M&SOM Review

Governments of developing countries have long been using local content requirements (LCRs) to regulate foreign firms operating within their boundaries. LCRs are provisions, usually under a law or regulation, requiring foreign firms to meet a minimum threshold of goods or services that must be purchased locally. For instance, in order to boost the local component industries for 4G smartphones, Indonesia mandated an LCR of 30% on foreign smartphone manufacturers in 2016, raising from 20% required in previous years. In 2011, Russia imposed a 60% LCR on foreign automobile original equipment manufacturers (OEMs), increasing from 30% in prior years. LCRs can also be imposed in the retail sector. For example, India requires single-brand retailers that are more than 51% foreign-owned to buy at least 30% of their manufacturing materials from local vendors. As a result, Apple Inc.’s plan to open retail stores in India has been met with hurdles as its manufacturing is mostly done by Foxconn in China. In 2016, the company asked the Indian government to waive the local sourcing requirement but the proposal was rejected. Although the aforementioned policies are implemented in developing countries, many developed countries have also adopted LCR policies. For example, Canada, France, Italy, Spain, and the United States have imposed LCRs in their renewable energy sector. See Figure 1 for the worldwide distribution of implemented LCRs.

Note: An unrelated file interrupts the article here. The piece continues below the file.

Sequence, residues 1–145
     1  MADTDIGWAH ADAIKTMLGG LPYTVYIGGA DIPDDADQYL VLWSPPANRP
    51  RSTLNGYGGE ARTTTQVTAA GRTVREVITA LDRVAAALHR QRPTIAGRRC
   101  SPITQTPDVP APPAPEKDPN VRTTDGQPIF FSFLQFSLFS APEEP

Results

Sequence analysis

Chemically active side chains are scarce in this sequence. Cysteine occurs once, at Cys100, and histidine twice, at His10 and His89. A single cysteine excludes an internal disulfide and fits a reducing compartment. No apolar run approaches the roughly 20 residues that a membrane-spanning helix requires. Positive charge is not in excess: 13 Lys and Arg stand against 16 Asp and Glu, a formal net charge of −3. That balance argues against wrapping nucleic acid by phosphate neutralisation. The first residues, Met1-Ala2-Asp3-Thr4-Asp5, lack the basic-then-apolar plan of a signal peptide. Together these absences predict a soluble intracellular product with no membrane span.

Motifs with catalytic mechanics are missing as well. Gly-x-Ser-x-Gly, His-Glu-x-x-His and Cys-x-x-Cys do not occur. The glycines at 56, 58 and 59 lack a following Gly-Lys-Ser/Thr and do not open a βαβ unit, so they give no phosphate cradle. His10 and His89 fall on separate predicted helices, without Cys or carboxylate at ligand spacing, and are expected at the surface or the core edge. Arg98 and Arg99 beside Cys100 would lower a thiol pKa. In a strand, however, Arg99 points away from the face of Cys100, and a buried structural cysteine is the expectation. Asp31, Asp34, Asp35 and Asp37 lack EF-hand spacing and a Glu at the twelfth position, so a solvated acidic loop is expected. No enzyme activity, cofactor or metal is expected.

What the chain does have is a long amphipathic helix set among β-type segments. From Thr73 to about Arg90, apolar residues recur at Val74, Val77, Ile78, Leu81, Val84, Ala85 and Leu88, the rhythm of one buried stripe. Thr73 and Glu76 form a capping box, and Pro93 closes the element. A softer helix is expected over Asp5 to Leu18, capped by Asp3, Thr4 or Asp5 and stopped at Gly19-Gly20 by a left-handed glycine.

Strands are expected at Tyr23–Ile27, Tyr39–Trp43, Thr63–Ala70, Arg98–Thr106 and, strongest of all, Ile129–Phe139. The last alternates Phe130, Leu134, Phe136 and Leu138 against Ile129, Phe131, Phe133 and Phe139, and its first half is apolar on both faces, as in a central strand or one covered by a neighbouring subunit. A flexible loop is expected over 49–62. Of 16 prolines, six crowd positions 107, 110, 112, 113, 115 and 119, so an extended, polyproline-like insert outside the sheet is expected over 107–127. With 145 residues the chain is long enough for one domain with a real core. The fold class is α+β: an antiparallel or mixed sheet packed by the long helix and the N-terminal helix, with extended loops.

Figure 1. Share of Implemented LCRs by Country

Annotation 2019-09-03 110208

Source. Global Trade Alert

One of the primary rationales for an LCR is to protect domestic suppliers who possess less advanced manufacturing technology in producing certain intermediate goods, and thus, have lower cost efficiency than the best suppliers available in the global market. Over recent decades, the use of an LCR has been widespread globally. According to a report from the Peterson Institute of International Economics (Hufbauer et al. 2013), since 2008 over 100 new LCR policies have been proposed or implemented with 84 in developing countries and 34 in developed countries, and the United States alone has imposed 14 new LCR policies. In general, developing countries are more likely to impose an LCR because they tend to have underdeveloped intermediate goods industries that are competitively disadvantaged in the global market.